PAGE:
"I honestly have nothing other than just sadness once again that we have to peer into the abyss of the depraved violence that we do to each other and the nexus of a just gaping racial wound that will not heal, yet we pretend doesn’t exist. And I’m confident, though, that by acknowledging it, by staring into that and seeing it for what it is, we still won’t do jack s—. Yeah. That’s us."
It drives me crazy that we so often try to eliminate emotion from how we present ourselves to the world. Earlier this week I was in Toronto for a meeting of the Canadian Women's Foundation's Girls' Fund Advisory Committee. We provide funding to organizations that support and empower girls between 9-13 years old. At the meeting we talked about all kinds of awful realities that girls in Canada (and everywhere!) are dealing with - sexual exploitation and trafficking, self-harm and suicide, eating disorders and insane media pressures, sexual and other types of abuse, and on and on. It's heartbreaking stuff, and we should feel really sad about it. The fact that we're working REALLY hard to make those problems go away doesn't negate the fact that they make us sad.
At the end of this two-day meeting, working through these issues and how we can do our small part to help, one of the participants was asked to share a story of a recent visit to a First Nations community, to hear a bit about how their girls' program had gone. As she spoke about what a beautiful day it had been, and how moved she was to hear the stories about the participant girls, and especially as she recounted some of the challenges those girls face, she began crying. And it was fantastic. All of a sudden, her story seemed so much more important, because it was real. It was emotional. It was human, and she was offering her vulnerability as a vehicle for sharing that story. That is a powerful and generous gift. And yet, she was so apologetic for crying (even though nobody seemed uncomfortable about it) and I think this points to the reality that we are often made to feel that being professional means eliminating emotion from our behaviour.
So, that's why I'm excited about this Jon Stewart thing - he's role modelling emotional responses to emotional events, and I think we can all learn from that and try to bring a little more emotion, a little more heart, into our work.
Putting the Idea Into Practice:
For all of you facilitators out there, here are two ideas for how to bring emotion into the room when you're facilitating, and how to gracefully deal with emotional expression - I welcome your additional ideas and storie!
Opening An Event: Are You a Robot?
One thing I love to do, to get participant attention and set the tone at the beginning of a workshop or conference, is to say "Could all the robots in the room please raise your hands?" and then waiting for a beat as people think through the question and look at you like your crazy. Then I say "OK, please raise your hand if you are a human being" and, of course, almost everyone raises their hand!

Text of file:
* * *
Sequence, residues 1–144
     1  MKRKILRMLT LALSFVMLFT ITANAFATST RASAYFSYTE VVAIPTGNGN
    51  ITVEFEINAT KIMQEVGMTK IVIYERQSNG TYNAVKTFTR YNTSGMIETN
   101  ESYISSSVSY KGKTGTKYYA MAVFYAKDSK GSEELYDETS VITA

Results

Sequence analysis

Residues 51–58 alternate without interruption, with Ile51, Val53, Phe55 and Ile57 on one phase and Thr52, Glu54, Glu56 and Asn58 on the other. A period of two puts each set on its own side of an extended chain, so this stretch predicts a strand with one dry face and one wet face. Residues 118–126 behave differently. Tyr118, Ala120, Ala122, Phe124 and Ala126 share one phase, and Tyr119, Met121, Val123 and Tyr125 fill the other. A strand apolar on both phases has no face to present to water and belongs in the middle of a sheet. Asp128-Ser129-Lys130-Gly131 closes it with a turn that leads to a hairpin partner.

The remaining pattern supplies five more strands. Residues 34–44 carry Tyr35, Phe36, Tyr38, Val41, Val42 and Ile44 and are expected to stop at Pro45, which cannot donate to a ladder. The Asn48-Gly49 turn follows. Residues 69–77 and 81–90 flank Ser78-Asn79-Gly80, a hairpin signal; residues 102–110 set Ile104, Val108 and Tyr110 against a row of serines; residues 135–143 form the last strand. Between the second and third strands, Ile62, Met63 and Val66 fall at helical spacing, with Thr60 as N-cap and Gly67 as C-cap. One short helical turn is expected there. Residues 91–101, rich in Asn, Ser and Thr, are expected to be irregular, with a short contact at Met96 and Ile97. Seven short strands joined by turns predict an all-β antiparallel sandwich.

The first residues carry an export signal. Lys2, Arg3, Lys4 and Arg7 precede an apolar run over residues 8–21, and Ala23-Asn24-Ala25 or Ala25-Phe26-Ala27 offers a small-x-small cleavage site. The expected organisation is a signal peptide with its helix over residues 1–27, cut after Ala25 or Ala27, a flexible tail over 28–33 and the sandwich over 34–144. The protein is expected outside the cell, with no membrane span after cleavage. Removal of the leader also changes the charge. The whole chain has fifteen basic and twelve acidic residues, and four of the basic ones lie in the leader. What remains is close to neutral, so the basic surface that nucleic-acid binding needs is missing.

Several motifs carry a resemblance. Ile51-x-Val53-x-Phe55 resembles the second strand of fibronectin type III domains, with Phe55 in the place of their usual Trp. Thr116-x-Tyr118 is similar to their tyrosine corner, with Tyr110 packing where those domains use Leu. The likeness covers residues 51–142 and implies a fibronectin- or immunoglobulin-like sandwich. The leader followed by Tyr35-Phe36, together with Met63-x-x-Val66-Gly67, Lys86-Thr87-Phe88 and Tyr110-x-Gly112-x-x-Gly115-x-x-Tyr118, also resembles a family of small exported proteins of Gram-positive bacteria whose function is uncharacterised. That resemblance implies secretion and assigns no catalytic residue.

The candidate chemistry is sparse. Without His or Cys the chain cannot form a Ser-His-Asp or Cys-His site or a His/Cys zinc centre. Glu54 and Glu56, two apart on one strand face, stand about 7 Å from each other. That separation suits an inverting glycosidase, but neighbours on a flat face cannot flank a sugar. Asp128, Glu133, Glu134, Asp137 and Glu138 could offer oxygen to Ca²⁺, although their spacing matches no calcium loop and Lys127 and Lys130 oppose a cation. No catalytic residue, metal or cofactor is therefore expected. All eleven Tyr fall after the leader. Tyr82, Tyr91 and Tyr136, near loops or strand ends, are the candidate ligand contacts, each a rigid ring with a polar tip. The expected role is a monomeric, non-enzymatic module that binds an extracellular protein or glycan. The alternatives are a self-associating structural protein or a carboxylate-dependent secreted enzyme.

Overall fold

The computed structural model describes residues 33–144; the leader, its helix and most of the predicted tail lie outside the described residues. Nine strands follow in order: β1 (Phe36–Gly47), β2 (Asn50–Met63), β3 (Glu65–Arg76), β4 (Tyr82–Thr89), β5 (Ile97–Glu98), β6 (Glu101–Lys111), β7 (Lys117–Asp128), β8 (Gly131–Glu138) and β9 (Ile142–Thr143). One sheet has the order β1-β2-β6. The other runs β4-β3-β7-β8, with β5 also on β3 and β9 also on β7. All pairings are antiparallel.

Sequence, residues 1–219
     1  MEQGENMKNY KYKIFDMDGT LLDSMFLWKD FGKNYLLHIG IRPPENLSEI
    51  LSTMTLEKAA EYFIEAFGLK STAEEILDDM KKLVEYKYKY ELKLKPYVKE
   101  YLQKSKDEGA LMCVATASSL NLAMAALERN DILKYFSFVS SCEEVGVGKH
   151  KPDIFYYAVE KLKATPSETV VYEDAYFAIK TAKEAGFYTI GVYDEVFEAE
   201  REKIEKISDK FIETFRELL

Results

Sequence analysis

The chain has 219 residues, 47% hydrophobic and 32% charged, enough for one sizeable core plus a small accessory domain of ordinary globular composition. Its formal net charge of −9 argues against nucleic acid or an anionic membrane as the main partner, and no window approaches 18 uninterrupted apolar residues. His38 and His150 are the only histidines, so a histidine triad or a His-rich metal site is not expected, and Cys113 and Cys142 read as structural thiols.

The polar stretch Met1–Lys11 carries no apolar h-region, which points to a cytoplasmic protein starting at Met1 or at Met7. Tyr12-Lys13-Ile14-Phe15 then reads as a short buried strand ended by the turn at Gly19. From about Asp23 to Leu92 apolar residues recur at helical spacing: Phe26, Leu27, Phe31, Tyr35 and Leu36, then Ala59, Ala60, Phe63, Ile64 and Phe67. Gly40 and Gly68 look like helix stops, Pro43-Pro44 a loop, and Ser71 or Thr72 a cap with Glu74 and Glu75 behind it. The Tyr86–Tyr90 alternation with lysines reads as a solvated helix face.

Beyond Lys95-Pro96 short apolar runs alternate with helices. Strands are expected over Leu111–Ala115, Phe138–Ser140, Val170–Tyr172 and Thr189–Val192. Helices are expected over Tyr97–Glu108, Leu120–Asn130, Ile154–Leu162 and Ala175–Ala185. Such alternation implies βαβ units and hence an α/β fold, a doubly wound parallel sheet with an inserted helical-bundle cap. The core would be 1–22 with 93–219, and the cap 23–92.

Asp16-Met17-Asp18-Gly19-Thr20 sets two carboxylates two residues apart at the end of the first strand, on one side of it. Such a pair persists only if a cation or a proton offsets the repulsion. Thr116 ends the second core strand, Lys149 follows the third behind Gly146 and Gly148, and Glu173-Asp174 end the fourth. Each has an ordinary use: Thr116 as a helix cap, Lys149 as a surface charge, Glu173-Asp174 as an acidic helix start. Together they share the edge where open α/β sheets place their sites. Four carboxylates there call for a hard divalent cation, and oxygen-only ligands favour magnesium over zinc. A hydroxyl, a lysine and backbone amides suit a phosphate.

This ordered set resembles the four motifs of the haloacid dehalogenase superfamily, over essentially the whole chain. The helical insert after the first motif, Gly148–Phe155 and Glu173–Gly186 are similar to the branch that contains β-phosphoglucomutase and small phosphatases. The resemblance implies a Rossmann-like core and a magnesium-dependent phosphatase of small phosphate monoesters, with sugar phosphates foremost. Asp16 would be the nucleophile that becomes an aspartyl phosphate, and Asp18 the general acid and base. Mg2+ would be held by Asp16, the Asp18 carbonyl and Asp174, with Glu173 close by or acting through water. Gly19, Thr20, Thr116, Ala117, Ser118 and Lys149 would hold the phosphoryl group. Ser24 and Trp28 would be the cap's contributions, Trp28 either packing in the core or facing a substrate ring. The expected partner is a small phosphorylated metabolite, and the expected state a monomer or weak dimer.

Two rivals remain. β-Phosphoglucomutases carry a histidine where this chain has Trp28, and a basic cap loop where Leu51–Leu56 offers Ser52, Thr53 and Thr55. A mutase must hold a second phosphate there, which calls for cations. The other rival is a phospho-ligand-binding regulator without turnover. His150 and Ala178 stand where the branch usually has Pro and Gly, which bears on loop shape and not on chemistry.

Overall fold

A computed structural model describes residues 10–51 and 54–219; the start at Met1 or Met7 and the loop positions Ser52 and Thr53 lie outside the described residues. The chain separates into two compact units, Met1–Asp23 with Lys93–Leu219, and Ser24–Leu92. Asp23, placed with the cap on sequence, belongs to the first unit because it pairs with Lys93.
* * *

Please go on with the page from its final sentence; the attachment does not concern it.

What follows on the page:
Then I say something like "Seeing that we're all human beings, let's give each other permission, starting right now, to act lilke human beings. If you need to use the bathroom, use the bathroom. If you need to eat, eat. If you need to step out to deal with an emergency, by all means take care of yourself, and if you need to cry please let it flow. This is a safe place, and for the time that we are in this room together, we are a community and we must care for one another."
A Moment of Silence
Sometimes something happens in a meeting that just knocks you off track, because it is so awful, so terrifying, and/or so huge that you just can't go back to whatever is on the agenda without some kind of acknowledgement and healing. I've been in meetings where elders, after a lifetime of keeping it secreet, disclose detailed stories of sexual abuse in community meetings. I've been in conferences where young women ask for a moment of time to seek all of the participants' help in finding a missing loved one. I've been in workshops where someone fell out of their chair and we had to call an ambulance to take hinm to the hospital.
In moments like this, never be afraid (once the person has finished speaking/crying/loading into the ambulance) to acknowledge the weight of what has just happened, perhaps ask someone to share a prayer or healing song (if it's appropriate to your group) and take a good long moment of silence for everyone to reflect on what has happened. Sometimes you may also wish to get everyone to take some deep breaths or do another grounding activity to symobolically release some of the sadness and re-connect to themselves and the rest of the group.
If possible, it is great to have a lovely, soft chime (or small tibetan singing bowl, (thank you Aftab for that idea) to mark the end of a moment of silence in a more graceful way.
And, of course, don't ever be afraid to let emotion in to your facilitating. People will likely connect with you in a stronger, more authentic way, and you honour yourself as a human being, not a robot.
Much love to you, and if you get a chance please read Derrick Weston Brown's poem about Charleston - another evocative emotional response to emotional events.